Where to go in Jerusalem

Jerusalem: “The Cinema City Dilemma”

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Photo: Miriam Woelke

 

B”H
An ordinary tourist would hardly feel the need of watching a Hollywood movie in Jerusalem but if he does, many cinemas are not necessarily located downtown. As a matter of fact, until a few decades ago, cinemas could be found downtown but the haredi population was demonstrating. Officially, these demonstrations were the reason for various cinemas to either close or open at a different location. Today we find cinemas at the Jerusalem theater, near Emek Refa’im, in Talpiyot and now at the newly opened Cinema City. The location of Cinema City, however, is definitely not the best: Right across the Supreme Court and the Ministry of Foreign Affairs. When governmental office workers finish work, the entire area seems totally abandoned.
Last night was my very first time at the Cinema City and the building complex was basically empty. Maybe I was just there at the wrong time and normally it is packed with people. Since Cinema City opened it’s gates, the owners have been fighting with the Municipality about the opening hours. The owners want to open on Shabbat because, so their claim, this would draw more customers to the place. When the complex always looks as empty as last night, there is indeed not a lot of money to earn. However, I very much doubt whether opening the place on Shabbat would attract more customers.

 

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Photo: Miriam Woelke

 

The owners state that the Municipality allows other places to open on Shabbat (e.g. the Old Train Station) but not Cinema City. The truth of the matter is that the cultural center at the Old Train Station is open on Shabbat but most restaurants and cafes are actually kosher and closed.
It has become an ongoing dilemma for Jerusalem, as more and more cafe owners want to keep their place open on Shabbat. A couple of months ago, another cafe began to open on Shabbat. Located next to Bezalel Street at the border to Nachlaot. Some Haredim were protesting because the cafe is not too far away from the haredi part of Nachlaot. The latest news on this issue is that now the direct neighbours of the cafe are protesting. Secular Jews who live in the area and don’t want all the noise from screaming customers on Shabbat.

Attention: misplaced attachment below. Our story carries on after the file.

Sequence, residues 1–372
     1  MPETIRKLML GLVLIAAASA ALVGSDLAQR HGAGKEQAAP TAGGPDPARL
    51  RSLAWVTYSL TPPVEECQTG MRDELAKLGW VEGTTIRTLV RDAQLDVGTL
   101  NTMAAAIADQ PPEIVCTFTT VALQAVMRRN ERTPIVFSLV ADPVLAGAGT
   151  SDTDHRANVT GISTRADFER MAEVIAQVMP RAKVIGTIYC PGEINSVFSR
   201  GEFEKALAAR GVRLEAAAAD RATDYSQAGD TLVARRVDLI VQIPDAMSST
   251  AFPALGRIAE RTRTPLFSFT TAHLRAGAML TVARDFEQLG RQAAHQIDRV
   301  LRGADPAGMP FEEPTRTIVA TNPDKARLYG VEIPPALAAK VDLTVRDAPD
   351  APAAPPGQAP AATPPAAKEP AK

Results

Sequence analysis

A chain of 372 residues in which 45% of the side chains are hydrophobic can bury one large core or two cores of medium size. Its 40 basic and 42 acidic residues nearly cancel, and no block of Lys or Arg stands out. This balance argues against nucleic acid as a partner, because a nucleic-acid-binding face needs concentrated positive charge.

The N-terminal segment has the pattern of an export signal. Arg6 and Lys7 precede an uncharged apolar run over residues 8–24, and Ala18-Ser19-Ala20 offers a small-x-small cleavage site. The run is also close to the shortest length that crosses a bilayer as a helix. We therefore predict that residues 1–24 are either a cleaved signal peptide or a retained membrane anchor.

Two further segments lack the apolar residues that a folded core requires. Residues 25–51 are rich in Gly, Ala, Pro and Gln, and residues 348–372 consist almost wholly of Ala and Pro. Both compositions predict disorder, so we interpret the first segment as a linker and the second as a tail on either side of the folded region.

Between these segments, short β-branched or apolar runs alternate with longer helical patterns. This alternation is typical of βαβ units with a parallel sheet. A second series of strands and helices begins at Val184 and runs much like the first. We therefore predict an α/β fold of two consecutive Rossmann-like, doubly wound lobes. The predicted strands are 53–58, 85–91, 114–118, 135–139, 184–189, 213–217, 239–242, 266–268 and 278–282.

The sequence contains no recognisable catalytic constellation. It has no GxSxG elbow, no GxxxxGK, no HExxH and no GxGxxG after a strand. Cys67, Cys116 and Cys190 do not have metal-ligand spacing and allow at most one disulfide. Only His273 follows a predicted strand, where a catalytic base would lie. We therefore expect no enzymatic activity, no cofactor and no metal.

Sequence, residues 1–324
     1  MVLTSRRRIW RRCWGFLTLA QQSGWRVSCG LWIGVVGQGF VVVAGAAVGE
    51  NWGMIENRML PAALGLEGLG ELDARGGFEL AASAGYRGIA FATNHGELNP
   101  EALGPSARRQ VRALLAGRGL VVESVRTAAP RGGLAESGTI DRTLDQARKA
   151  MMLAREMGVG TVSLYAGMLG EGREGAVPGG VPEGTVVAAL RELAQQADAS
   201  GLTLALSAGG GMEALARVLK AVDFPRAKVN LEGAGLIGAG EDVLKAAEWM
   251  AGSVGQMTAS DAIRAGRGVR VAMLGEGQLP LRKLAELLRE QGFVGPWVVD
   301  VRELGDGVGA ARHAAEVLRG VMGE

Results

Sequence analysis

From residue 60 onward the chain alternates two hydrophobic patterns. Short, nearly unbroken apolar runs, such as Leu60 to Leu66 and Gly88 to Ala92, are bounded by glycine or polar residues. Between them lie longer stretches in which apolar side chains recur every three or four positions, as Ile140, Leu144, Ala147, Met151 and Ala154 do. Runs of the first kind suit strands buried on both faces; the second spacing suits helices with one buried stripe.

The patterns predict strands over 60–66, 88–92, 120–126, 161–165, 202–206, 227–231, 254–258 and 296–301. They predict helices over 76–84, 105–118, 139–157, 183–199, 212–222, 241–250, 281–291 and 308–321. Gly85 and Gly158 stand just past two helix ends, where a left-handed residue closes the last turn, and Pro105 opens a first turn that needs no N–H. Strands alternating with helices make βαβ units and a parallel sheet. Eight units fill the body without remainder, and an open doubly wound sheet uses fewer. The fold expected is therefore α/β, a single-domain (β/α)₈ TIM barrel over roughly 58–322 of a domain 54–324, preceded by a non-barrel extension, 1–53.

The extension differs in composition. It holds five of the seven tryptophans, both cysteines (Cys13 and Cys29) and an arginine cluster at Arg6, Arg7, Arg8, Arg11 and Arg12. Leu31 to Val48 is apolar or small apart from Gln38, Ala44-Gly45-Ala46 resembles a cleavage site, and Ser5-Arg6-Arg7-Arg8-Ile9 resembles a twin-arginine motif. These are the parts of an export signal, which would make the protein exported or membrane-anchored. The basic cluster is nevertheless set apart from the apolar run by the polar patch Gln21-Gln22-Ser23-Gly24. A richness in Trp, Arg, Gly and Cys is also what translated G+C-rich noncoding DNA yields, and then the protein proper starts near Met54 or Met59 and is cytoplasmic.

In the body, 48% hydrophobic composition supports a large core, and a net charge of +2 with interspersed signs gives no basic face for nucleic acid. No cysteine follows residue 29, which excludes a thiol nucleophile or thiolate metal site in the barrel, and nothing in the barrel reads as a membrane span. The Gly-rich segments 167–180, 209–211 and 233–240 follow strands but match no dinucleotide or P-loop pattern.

My guess is that, in the end, Cinema City will be open on Shabbat. The same as the Rav Chen cinema complex in Talpiyot or the Cinematheque. On the other hand, most restaurants I saw at the Cinema City are actually kosher. So, how can this work out ? Keep the building complex open on Shabbat but the restaurants closed ? Or kick out anything kosher and put in treife food places ?
Even if there are many secular Jews living in town, Jerusalem itself is still a very special place. Why can’t people just have peace for one day a week ? Why can’t they just sit at home and have coffee with friends there ? Why do they have to go out ? Can’t they just wait until the evening when Shabbat is over and then go ? One day a week ?
The Cinema City is huge but empty. Long corridors and a vast hall in the middle but it was all abandoned last night. It rather looked like the Tel Aviv Central Bus Station where you just walk through in order to catch a bus and leave as fast as possible. I wouldn’t go that far claiming that the design is unpleasant but, nevertheless, something is missing. Plants and something green making you feel comfortable. Instead we find this huge emptiness and feeling of being lost.

 

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Photo: Miriam Woelke

 

 

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Photo: Miriam Woelke

 

 

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Photo: Miriam Woelke

 

 

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Photo: Miriam Woelke

 

Watching a movie at an Israeli cinema is never cheap. Especially when you intend buying popcorn and coke. I didn’t because I went to a special event where a Holocaust movie was shown. Rabbi Berel Wein introduced his new documentary on the survival of Judaism after the Shoah. There were so many people coming to this event that the Cinema City actually got crowded. Packed with religious Jews. 🙂 
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Photo: Miriam Woelke

 

 

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Photo: Miriam Woelke

 

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